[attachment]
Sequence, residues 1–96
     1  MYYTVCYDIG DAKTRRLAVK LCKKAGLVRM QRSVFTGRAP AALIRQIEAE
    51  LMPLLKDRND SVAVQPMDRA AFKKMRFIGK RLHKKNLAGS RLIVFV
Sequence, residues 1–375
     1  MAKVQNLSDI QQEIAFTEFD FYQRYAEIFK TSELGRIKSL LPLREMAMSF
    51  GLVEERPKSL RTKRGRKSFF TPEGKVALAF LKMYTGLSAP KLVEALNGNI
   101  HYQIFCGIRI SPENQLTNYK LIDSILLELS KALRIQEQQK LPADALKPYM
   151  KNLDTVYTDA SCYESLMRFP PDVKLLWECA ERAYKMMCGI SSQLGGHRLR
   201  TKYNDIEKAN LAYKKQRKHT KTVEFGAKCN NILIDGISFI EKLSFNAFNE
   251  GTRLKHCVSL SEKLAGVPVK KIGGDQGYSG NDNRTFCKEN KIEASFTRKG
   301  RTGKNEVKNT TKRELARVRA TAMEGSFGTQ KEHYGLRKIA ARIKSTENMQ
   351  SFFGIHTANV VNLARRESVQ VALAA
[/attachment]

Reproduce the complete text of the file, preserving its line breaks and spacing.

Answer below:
Sequence, residues 1–96
     1  MYYTVCYDIG DAKTRRLAVK LCKKAGLVRM QRSVFTGRAP AALIRQIEAE
    51  LMPLLKDRND SVAVQPMDRA AFKKMRFIGK RLHKKNLAGS RLIVFV
Sequence, residues 1–375
     1  MAKVQNLSDI QQEIAFTEFD FYQRYAEIFK TSELGRIKSL LPLREMAMSF
    51  GLVEERPKSL RTKRGRKSFF TPEGKVALAF LKMYTGLSAP KLVEALNGNI
   101  HYQIFCGIRI SPENQLTNYK LIDSILLELS KALRIQEQQK LPADALKPYM
   151  KNLDTVYTDA SCYESLMRFP PDVKLLWECA ERAYKMMCGI SSQLGGHRLR
   201  TKYNDIEKAN LAYKKQRKHT KTVEFGAKCN NILIDGISFI EKLSFNAFNE
   251  GTRLKHCVSL SEKLAGVPVK KIGGDQGYSG NDNRTFCKEN KIEASFTRKG
   301  RTGKNEVKNT TKRELARVRA TAMEGSFGTQ KEHYGLRKIA ARIKSTENMQ
   351  SFFGIHTANV VNLARRESVQ VALAA